Today we sometimes misinterpret 'Scripture Alone' to mean 'me and my bible on our own.' The Reformers would not have seen it that way. We benefit from the help of our Christian family in understanding the bible, both today and throughout history. But the Scriptures must rule supreme, and have the final say.
Each and every single Sunday when we hear God’s word together it is a moment of immense spiritual importance. That said, as I get ready to preach there are some parts of the bible that seem to stand out as of particular relevance to our church life at that time.
The sermon on Romans 8v12-17 from a couple of Sundays ago was like that. This was partly because of the way v13 urges us to engage in a lifelong, sustained and continuous battle with our sin:
Here are just three of the many reasons this verse, and the sermon on this passage, are of such importance:
1. It’s not familiar
The call of this verse is repeated elsewhere in the bible (for e.g. Colossians 3v5) but it’s not one we hear all that often these days. We are so used to either ignoring or winking at our sin, and even using God’s grace as an excuse for doing so. But the life lived by God’s grace is a life of putting sin to death.
2. It’s both realistic and hopeful
v13 assumes the presence of sin in the life of Christians - there’s no fanciful notion that we will ever be free in this present life from the need to engage in this struggle. At the same time Paul speaks in such a way as to raise our expectations of being able to achieve real progress in the battle. We are not held captive by sin anymore. We can, by God’s grace, experience change.
3. It’s a must
This is what a Spirit-led life looks like. This is what those who are headed to glory do on their way there. And a life of unchecked sin is headed down a very different path. This is a struggle we must be engaged in.
If you weren’t in to hear this particular sermon I’d encourage you to make the time to listen. In fact, I’d encourage each of us to listen to it again with the bible passage open in front of us.
One of the things we will inevitably keep coming back to as we make our way through Romans chapter 8 is the work of the Holy Spirit. Sadly, this is a subject that can be a cause of confusion amongst Christians.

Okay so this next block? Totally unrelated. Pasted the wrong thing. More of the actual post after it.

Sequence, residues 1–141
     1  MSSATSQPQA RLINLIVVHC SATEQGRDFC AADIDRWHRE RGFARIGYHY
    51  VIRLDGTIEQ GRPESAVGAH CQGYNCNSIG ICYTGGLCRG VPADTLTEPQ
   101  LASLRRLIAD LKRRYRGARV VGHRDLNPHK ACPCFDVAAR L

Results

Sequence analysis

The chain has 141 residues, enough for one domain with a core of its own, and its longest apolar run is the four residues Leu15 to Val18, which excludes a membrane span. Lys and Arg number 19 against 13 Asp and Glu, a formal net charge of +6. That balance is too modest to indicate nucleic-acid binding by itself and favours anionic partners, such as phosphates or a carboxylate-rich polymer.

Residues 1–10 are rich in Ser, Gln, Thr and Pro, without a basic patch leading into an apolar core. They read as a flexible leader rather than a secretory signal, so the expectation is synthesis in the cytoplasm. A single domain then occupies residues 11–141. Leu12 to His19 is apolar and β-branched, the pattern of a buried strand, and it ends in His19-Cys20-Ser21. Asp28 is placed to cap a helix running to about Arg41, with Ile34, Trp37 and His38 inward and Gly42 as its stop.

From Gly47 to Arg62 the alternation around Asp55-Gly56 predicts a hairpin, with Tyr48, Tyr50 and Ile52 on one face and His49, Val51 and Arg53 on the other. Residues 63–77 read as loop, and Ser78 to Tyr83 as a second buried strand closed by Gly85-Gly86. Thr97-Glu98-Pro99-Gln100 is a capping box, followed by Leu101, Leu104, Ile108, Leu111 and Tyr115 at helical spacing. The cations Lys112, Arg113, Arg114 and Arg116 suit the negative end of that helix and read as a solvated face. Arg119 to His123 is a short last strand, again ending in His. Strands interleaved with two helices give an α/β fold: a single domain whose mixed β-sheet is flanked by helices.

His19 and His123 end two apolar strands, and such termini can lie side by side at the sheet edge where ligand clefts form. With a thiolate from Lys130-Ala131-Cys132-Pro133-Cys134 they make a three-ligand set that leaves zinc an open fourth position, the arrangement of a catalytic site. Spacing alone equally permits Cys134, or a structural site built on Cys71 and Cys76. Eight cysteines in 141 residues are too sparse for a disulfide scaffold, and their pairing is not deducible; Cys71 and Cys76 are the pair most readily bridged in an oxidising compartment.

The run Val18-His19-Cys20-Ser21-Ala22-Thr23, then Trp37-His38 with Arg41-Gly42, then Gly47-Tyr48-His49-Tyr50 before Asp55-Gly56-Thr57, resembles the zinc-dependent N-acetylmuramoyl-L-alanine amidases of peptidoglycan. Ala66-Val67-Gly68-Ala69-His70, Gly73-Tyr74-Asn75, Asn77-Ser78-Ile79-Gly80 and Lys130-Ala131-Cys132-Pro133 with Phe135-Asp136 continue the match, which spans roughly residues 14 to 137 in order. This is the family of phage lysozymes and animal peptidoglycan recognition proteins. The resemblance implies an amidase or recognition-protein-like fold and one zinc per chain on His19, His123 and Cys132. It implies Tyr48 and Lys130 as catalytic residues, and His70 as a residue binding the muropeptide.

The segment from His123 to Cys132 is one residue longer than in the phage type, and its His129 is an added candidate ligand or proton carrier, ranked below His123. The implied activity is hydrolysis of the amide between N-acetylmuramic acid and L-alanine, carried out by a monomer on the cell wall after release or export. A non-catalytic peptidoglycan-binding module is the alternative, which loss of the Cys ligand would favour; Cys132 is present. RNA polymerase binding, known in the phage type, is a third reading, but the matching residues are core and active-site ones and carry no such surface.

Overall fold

One of the reasons for that is because we separate the Spirit’s work in our lives from Christ’s work for us. We sometimes focus on issues of particular gifts the Spirit gives, or certain experiences we ascribe to the Holy Spirit. But the big picture of the Spirit’s work is that he is all about Christ; making Christ known, conforming us to be like Christ, putting into effect the salvation Christ has won.
This is something we’ve seen even just in the first 11 verses of Romans 8, for example:
Jesus achieves what the law could not achieve (v3) in his death on the cross but this becomes ours through ‘the Spirit of life’ (v2).
Christ died so that we might live a new life of obedience to God, but this new life can only be lived by walking according to the Spirit (v4)
The Spirit is the Spirit of Christ and it is impossible to belong to Christ unless the Spirit dwells in us (v9).
Jesus rose again for our salvation but his resurrection will actually becomes something we share in and experience ourselves because of the Spirit who dwells in us (v11).
In other words, Romans 8 shows us that what Christ has achieved objectively for us in his life, death and resurrection, is applied and made real to us personally by the Spirit.
This blog post is related to the recent sermon on Romans 8v5-11 which you can listen to again to by clicking here.